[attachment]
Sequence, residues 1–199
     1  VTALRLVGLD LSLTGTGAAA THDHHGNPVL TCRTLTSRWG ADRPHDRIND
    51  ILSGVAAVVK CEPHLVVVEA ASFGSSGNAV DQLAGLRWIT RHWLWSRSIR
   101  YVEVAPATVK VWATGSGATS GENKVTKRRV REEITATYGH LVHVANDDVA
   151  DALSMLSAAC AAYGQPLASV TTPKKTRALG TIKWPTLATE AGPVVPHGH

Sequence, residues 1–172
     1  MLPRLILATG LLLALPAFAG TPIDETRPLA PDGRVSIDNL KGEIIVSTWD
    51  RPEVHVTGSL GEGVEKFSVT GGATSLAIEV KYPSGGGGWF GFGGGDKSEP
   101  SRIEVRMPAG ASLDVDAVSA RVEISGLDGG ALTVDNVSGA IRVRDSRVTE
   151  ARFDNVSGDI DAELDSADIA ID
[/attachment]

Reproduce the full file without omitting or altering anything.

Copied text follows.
Sequence, residues 1–199
     1  VTALRLVGLD LSLTGTGAAA THDHHGNPVL TCRTLTSRWG ADRPHDRIND
    51  ILSGVAAVVK CEPHLVVVEA ASFGSSGNAV DQLAGLRWIT RHWLWSRSIR
   101  YVEVAPATVK VWATGSGATS GENKVTKRRV REEITATYGH LVHVANDDVA
   151  DALSMLSAAC AAYGQPLASV TTPKKTRALG TIKWPTLATE AGPVVPHGH

Sequence, residues 1–172
     1  MLPRLILATG LLLALPAFAG TPIDETRPLA PDGRVSIDNL KGEIIVSTWD
    51  RPEVHVTGSL GEGVEKFSVT GGATSLAIEV KYPSGGGGWF GFGGGDKSEP
   101  SRIEVRMPAG ASLDVDAVSA RVEISGLDGG ALTVDNVSGA IRVRDSRVTE
   151  ARFDNVSGDI DAELDSADIA ID